by | 11.17.2010 | 12:47am

By Frank Mitchell

Memorial Day is an appropriate time to think of the heritage of sport and courage that lies in the pedigrees of our horses. In the claimer, as well as the classic horse, lie traces of the greatest racers of past years.

Lack of immediate exposure of past champions as a sire or broodmare sire moves a horse out of the limelight of general appreciation. Even the most famous of early 20th century racers, Man o' War, is frequently thought extinct or “lost” from the gene pool of the modern horse. Nothing could be further from the truth.

Man o' War, along with several of his important sons and daughters, is present in virtually all American pedigrees today.

In the male line, that most tenuous line of contact, Man o' War is largely represented only through his son War Relic with his descendants In Reality, Relaunch, Skywalker, Bertrando, Officer, and others.

But a broader view of pedigrees opens up vast lines of connection to Man o' War and his many high-class offspring. To an uncommon degree, Man o' War was able to reproduce his own outstanding ability in succeeding generations of racehorses for the benefit of racing fans. The great racer sired 64 stakes winners, which was 17 percent of his foals.

A leading broodmare sire himself, Man o' War had many important daughters, as well as good sons.

His best son on the racetrack and at stud was Triple Crown winner War Admiral. Although the loser to Seabiscuit in their famous match, War Admiral was a top-class stallion, but Seabiscuit (a grandson of Man o' War through his son Hard Tack) had little success.

Even so, War Admiral was a better sire of fillies, overall, than of colts. He sired Horse of the Year Busher, as well as Suburban Handicap and Alabama winner Busanda. The latter continued the influence of her sire at the top level by producing Horse of the Year Buckpasser, as well as Futurity Stakes winner Bupers.

Other top-class sons of Man o' War included the Belmont Stakes winners Crusader and American Flag. With 18 victories, Crusader had the better race record, as that big, rangy son of Man o' War won not only the Belmont but also the Suburban Handicap twice, the Jockey Club Gold Cup, and the Dwyer. American Flag was likewise the leading 3-year-old colt of his year (1925), but his major victories that season included only the Belmont, Dwyer, and Withers.

Still, their performances and pedigrees were easily enough to get them space at stud, even in the much less commercial atmosphere of the sport in the 1920s.

Both were bred, raced, and managed by Man o' War's owner Samuel Riddle. He gave both a reasonable chance at stud.

Although Crusader was just fair as a stallion, his compatriot American Flag was much better, siring 9 percent stakes winners from his foals.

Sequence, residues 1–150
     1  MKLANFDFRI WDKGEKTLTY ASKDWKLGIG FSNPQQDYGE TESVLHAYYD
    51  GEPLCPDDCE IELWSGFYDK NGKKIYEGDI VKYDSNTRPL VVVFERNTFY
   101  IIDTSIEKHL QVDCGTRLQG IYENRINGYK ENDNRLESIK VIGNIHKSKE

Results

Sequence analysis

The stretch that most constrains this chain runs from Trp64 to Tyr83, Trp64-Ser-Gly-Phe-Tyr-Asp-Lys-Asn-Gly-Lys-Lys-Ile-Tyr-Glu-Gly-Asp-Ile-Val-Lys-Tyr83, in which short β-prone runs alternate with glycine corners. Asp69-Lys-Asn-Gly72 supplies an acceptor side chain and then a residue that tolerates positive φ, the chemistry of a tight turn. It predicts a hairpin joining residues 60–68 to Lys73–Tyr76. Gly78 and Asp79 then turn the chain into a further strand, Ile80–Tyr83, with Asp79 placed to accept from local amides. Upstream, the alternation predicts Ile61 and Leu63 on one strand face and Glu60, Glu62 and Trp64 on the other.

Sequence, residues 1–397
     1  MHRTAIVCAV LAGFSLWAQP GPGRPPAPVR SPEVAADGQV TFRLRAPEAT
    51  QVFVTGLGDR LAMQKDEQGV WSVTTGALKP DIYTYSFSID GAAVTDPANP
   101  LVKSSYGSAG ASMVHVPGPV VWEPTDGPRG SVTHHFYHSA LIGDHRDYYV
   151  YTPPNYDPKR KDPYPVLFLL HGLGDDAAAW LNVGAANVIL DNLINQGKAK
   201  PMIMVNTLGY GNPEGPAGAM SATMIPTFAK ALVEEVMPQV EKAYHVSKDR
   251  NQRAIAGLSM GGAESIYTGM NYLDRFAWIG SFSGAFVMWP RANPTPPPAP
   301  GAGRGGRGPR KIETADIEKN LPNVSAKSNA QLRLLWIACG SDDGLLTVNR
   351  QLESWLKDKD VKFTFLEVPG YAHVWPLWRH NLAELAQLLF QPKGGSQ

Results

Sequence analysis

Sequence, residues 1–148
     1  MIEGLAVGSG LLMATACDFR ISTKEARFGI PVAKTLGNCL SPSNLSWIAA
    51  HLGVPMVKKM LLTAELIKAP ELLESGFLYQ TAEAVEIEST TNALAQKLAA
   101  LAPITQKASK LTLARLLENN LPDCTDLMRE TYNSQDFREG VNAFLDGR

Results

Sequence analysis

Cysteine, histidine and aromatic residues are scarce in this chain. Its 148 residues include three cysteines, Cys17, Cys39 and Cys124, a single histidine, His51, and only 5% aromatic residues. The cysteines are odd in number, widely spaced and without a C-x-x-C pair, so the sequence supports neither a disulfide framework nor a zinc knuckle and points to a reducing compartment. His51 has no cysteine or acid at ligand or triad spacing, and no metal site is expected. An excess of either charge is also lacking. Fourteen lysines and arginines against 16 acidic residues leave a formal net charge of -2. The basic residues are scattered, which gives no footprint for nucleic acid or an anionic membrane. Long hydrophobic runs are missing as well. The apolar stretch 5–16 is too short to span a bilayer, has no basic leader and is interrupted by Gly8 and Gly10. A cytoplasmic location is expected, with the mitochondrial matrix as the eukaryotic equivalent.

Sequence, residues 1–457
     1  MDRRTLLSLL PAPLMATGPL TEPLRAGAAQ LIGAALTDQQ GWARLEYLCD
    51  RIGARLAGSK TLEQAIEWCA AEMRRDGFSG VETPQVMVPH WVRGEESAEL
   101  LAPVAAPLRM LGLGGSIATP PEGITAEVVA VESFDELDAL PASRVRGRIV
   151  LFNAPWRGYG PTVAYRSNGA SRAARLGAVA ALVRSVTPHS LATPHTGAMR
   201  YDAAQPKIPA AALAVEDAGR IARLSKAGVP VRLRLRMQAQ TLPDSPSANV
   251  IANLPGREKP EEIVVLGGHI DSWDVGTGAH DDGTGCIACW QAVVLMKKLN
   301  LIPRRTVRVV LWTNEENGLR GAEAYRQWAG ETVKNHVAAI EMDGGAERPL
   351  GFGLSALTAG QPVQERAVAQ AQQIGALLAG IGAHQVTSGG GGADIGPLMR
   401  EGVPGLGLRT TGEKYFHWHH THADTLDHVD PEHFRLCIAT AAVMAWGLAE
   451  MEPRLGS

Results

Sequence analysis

American Flag's best daughter was the high-class filly Nellie Flag, winner of the Selima, Matron, and Kentucky Jockey Club Stakes. His best son was Gusto, winner of the American Derby and the Jockey Club Gold Cup who died at 6.

As a broodmare for Calumet Farm, Nellie Flag was even better at stud than she proved as a racehorse. The mare produced three stakes winners: champion Mar-Kell (Spinaway and Beldame), Nellie L. (Kentucky Oaks, Acorn Stakes), and Sunshine Nell (Barbara Fritchie and Top Flight handicaps).

This became one of Calumet's most famous and successful families and is also the family of Kentucky Derby and Belmont Stakes winner Bold Forbes, whose second dam is Nellie L.

Even some of American Flag's daughters who did not shine on the racetrack became good broodmares, and the one who has had the most effect in making her sire an omnipresent name in American pedigrees is the unraced Lady Glory, who was foaled in 1934. As a broodmare, Lady Glory produced nine winners from 10 foals to race, including the stakes winners Mr. Ace and Raise You. The latter won the Colleen and Polly Drummond stakes.

As a broodmare, Raise You produced two stakes winners and four stakes-placed horses.

The one who mattered most at the time and who matters so much to breeding today is Raise a Native.

The big, red chestnut son of Native Dancer was unbeaten in four starts and made history as a sire of racehorses and breeding stock.

Through Raise a Native and many other lines, the American Flags will wave for many generations to come.


Frank Mitchell is author of Racehorse Breeding Theories, as well as the book Great Breeders and Their Methods: The Hancocks. In addition to writing the column “Sires and Dams” in Daily Racing Form for nearly 15 years, he has contributed articles to Thoroughbred Daily News, Thoroughbred Times, Thoroughbred Record, International Thoroughbred, and other major publications. In addition, Frank is a private consultant to breeders on pedigrees, matings, and conformation. He is a hands-on caretaker of his own broodmares and foals in central Kentucky. Check out Frank's lively Bloodstock in the Bluegrass blog.


Copyright © 2010, Frank Mitchell


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